Day 44: Functions of One Random Variable Example Part 1
Well maybe yesterday was confusing, maybe it wasn’t. In any case, today should clarify some things for you if you are confused and should make things more clear if you are not. Today we are going to go over a quick example of what a function involving one random variable looks like. Now you may notice I keep saying one, that’s because you can technically have as many variables as you want, but since this is fairy complex stuff, let’s just stick with the one for now.*
The past couple of days have been a little… complex. Fear not, today I think we are going to clear up some confusing parts. If you haven’t you should read the last post about functions of a single random variable. Fair warning, this will make much more sense if you review that (even if it is a little confusing).
There are a few ways we can go about doing this, but let’s look at a somewhat easy example to start. Let’s use our uniform distribution for this one. Let’s say X is a Uniform(0,1) random variable. In this case we already know everything we need to know about X because we know the formula for the uniform distribution. However, this is a function of a random variable, so now let’s say we want some function g(X) in that case we would have:
For this example let’s find the CDF and pdf of this function. Because Y = g(X) is a function of X, we know Y is also a random variable and we can solve this like we would solve any other random variable examples. First let’s take note that we already know where X lives (we know its pdf and CDF), so we know
So we know the range of our X, but it would be smart to think about the range of our Y function before we try to determine the distribution. Now we know that e to the power of anything positive will be an increasing function based on x. We also know that the range R of x is [0,1]. That just means we know that the interesting bits live in the interval of zero and one, everything else is either zero or one depending on the value of x (as we saw above). From this we know what the range is for our Y variable since we can just plug in the maximums from X, which is going to be between 0 and e to the power of zero is going to be one. We also know that e to the power of 1 is just e, so we can already say that the range of our new function Y is going to be [1,e]. This means
So far so good, we already know the limits of our function just based on what we know about X. Now we can try to find the middle bit, the part where the interesting things happen. Let’s do that set by step and we can explain why we did what we did at the end
Intuitively this should make sense, we just related our output in terms of our X, remember that
and if we take the natural log of both sides we end up with ln(y) = X. Which we had to find the new range in our Y space (that bit we did at the beginning when we find out where our function is equal to zero and when it is equal to one. Furthermore we can double check that this makes sense because if we take the limits of our function and plug it into our new derived function Y we see that ln(1) = 0 and ln(e) = 1 and we cannot have negative probability, we know that our CDF needs to be increasing (which it does) and cannot pass 1, which again we know it fits since we just looked at the limits. We can sum this up like we did for X and write it like this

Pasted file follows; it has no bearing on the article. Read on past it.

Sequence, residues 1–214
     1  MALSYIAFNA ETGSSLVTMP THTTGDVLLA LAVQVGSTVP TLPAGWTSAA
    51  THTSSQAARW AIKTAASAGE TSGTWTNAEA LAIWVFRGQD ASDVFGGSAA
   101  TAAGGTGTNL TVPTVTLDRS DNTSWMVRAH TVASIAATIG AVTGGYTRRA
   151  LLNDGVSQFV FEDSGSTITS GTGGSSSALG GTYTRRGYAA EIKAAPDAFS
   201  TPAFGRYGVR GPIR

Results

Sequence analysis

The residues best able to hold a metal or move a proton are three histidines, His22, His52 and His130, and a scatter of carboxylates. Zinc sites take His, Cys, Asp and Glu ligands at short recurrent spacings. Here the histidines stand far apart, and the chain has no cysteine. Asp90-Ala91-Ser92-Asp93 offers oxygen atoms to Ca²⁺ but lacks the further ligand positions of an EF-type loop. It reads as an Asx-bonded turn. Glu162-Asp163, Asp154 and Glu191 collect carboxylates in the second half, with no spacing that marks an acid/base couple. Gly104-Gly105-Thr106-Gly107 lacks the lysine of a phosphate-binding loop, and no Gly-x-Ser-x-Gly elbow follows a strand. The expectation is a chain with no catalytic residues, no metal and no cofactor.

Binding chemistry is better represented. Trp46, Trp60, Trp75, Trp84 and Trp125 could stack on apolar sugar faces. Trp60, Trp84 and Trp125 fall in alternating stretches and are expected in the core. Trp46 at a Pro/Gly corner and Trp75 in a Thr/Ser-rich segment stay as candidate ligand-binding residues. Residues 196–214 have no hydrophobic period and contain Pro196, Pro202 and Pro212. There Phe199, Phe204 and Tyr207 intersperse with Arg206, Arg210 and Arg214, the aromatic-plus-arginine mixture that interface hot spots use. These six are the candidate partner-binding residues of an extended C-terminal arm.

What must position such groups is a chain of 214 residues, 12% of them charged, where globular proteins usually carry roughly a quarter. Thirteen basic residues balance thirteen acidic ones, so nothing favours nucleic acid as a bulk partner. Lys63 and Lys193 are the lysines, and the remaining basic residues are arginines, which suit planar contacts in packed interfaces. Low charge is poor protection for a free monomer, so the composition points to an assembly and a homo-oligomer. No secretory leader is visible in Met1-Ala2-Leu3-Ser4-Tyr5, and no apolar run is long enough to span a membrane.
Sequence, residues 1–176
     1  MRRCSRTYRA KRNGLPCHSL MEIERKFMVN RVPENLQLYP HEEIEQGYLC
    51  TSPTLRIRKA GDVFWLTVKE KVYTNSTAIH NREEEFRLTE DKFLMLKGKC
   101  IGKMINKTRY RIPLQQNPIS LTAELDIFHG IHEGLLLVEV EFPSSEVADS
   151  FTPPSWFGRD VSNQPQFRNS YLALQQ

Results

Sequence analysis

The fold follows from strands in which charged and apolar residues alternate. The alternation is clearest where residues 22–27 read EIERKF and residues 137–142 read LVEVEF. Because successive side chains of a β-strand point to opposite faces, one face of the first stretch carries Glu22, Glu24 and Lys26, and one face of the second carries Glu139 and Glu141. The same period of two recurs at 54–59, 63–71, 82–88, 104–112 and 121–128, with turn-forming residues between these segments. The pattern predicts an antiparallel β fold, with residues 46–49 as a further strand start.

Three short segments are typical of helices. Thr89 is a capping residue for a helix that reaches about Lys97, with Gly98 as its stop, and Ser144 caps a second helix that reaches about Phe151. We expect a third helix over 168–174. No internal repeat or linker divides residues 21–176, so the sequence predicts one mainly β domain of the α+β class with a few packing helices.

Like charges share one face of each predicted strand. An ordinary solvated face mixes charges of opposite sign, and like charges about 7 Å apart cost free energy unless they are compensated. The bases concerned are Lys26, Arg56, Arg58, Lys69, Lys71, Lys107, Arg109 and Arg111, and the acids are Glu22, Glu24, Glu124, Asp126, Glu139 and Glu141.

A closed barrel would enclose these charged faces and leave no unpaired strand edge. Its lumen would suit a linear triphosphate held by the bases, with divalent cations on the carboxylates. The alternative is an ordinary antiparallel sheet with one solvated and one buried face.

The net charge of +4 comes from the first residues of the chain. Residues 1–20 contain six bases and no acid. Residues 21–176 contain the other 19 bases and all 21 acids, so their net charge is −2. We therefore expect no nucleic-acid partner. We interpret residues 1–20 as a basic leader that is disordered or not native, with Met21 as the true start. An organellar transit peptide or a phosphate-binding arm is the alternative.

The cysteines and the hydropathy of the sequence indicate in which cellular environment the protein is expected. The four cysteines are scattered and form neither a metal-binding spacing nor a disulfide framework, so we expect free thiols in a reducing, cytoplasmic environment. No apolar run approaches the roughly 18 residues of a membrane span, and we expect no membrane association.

Okay so if you’re still with me to this point, we have a continuous function, yay. This is a good thing because we only have the CDF, we need to determine our pdf and we know that to find our CDF from a pdf we integrate, so to go backwards, we take the derivative. This is just some basic calculus (which by now I hope if you’ve been following along you’ve brushed up on… right?). Thankfully taking the derivative of the natural log is pretty straight forward even if you’re new to calculus.
Side note: I say this a lot, we want to be lazy and I mean that literally. We don’t want to have to do a lot of work to find a solution to a problem. Why? Because that increases the chances we will make an error and we don’t want that. Plus, we’re lazy so why do all that work when you don’t need to. If you ever find yourself trying to solve a math problem (specifically one for a class) step back and see if you can be lazy, chances are it is the right way to do it.
Okay so now from that aside, we take the derivative of our CDF and find our pdf. When we do that, we end up with
Okay, TECHNICALLY we cannot differentiate at 1 or e, but we don’t need to worry about this since this is a continuous random variable and changing the pdf at a finite number of points does not change probabilities (remember the probability that something will occur at exactly a single point is ZERO! So we can include these here for completeness and because these are the limits of the CDF so changing them would be confusing and worse, pointless (no pun intended… okay a little intended).
Well that was fun! Okay so a few things left to cover and then we will have caught up to where I am and then we can (hopefully) do more examples of this stuff and some much needed review (well for me, I’m sure you’ve got this down). I sincerely hope that the example not only clears this up some, but helps give you the formula we will be using to solve these problems (find the limits, then the middle bit from those limits, then take the derivative to find the pdf). We’ll go over some more examples though, don’t worry and we have so many fun things to talk about going forward (can we say functions of multiple variables?!).
Until next time, don’t stop learning!
*My dear readers, please remember that I make no claim to the accuracy of this information; some of it might be wrong. I’m learning, which is why I’m writing these posts and if you’re reading this then I am assuming you are trying to learn too. My plea to you is this, if you see something that is not correct, or if you want to expand on something, do it. Let’s learn together!!